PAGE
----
Tagged: Culiacan

Mexico ranked deadliest country for journalists, says international press institute

(BREITBART) — by Ildefonso Ortiz and Brandon Darby

A press freedom organization has ranked Mexico as the deadliest country for journalists, overtaking Iraq and Syria for the highest number of reporters who lost their lives while practicing their craft. On the day the report was published, gunmen murdered another journalist in Mexico.

A new report by the International Press Institute labels Mexico as the most dangerous place for journalists, citing the government’s lacking efforts to protect them.

The murder of journalists is “an attack on the fundamental human right to share and receive information and on democracy itself,” IPI Executive Director Barbara Trionfi said.

According to the IPI, since 2006, when the country started a new security strategy to fight drug cartels, 79 journalists have been murdered. In 2017, there were 13 that IPI accounted for with four targeted directly for their work. On the day the report was published, a team of gunmen murdered Gumaro Perez Aguilando as he attended his son’s Christmas Festival in Veracruz.

According to IPI, none of the recorded cases have been solved. As Breitbart Texas reported in 2017, cartel gunmen targeted various journalists including Miroslava Breach, an investigative reporter from Chihuahua, who uncovered deep connections between key members of the Juarez Cartel and local politicians.

Also in 2017, cartel gunmen murdered respected journalist Javier Valdez from Culiacan, Sinaloa. The slain journalist founded the news outlet Rio Doce and covered cartel violence for several years.


Veteran reporter Javier Valdez is 6th journalist murdered in Mexico since early March

(CHICAGO TRIBUNE) — Javier Valdez, an award-winning reporter who specialized in covering drug trafficking and organized crime, was slain Monday in the northern state of Sinaloa, the latest in a wave of journalist killings in Mexico.

Valdez is at least the sixth journalist to be murdered in Mexico since early March, an unusually high number even for one of the world’s deadliest countries for media professionals.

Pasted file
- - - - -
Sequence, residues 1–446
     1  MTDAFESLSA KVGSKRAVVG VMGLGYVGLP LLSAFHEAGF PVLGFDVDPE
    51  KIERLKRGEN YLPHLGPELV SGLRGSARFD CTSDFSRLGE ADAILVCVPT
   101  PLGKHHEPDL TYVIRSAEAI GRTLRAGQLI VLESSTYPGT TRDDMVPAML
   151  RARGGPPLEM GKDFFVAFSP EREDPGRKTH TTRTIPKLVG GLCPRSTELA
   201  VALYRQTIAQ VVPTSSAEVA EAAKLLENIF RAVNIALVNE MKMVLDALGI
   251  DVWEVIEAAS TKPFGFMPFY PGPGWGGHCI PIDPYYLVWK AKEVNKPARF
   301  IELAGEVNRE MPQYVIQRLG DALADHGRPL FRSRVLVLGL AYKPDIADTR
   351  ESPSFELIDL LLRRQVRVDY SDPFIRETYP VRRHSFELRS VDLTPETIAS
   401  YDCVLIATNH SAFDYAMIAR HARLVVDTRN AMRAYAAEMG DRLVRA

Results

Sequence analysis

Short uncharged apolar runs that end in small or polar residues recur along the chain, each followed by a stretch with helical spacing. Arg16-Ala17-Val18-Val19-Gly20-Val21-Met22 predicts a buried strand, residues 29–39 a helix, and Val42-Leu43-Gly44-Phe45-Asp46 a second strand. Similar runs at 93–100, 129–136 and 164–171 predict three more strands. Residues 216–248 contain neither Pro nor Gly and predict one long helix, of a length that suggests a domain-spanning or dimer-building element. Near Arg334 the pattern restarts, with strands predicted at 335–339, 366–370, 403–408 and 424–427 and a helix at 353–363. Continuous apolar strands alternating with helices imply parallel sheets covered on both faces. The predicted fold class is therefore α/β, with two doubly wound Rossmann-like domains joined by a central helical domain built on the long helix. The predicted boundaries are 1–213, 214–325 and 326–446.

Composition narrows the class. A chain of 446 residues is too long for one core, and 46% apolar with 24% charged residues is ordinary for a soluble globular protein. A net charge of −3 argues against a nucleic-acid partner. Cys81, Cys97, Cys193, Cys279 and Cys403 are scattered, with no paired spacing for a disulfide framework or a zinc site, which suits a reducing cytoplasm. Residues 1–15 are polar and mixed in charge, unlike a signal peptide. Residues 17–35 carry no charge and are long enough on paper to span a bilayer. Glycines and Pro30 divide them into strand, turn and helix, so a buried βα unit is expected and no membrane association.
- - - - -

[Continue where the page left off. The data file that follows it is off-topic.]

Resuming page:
Valdez was shot to death in the early afternoon in the state capital of Culiacan, near the offices of the publication he co-founded, Riodoce. State Prosecutor Juan Jose Rios visited the scene and said authorities were investigating all possible motives, including that the killing could have been due to Valdez’s work, though he gave no details.

The national newspaper Milenio reported late Monday that another journalist and her son were shot dead by gunmen in the city of Autlan in Jalisco, another state known for cartel activity. Jalisco officials did not immediately respond to phone calls seeking confirmation.

Riodoce reported that Valdez was driving about a block from its offices when he was intercepted by gunmen. Valdez was also a correspondent for the national newspaper La Jornada, which reported that he was pulled from his car and shot multiple times.

Images in Mexican media showed a body lying in a street covered by a blue blanket and surrounded by 12 yellow markers of the kind typically used to flag evidence such as bullet casings.


Mexico’s brutal drug violence has hit a new level of complexity

(BUSINESS INSIDER) — By Christopher Woody

Public displays of brutality have become common as drug-related violence roiled Mexico over the last decade.

The recent discovery of a man’s body on top of a hospital in northwest Mexico, apparently dropped there from an airplane, takes that brutality to a new level of complexity.

The body reportedly landed on the roof of a hospital in the town of El Dorado, about 38 miles southwest of Culiacan, the capital of Sinaloa state.

Witnesses reported seeing a person thrown out of a plane flying low over a Mexican Institute of Social Security hospital on April 12, a health official told Reuters, saying the incident occurred around 7:30 a.m.

Officials were unable to identify the body, clad in a red shirt, gray socks, and without pants, due to damage from the fall, though Mileno reported that it had signs of torture.

State prosecutors said the body had signs of severe trauma in line with “impact on the hard surface.”

“It is a man, but we don’t know more … The impact of the fall makes it more difficult to be able to identify him or the wounds he suffered,” Antonio Garcia, spokesman for the IMSS, which runs the hospital, told The Washington Post.

“I can’t recall anything like this happening before,” he said.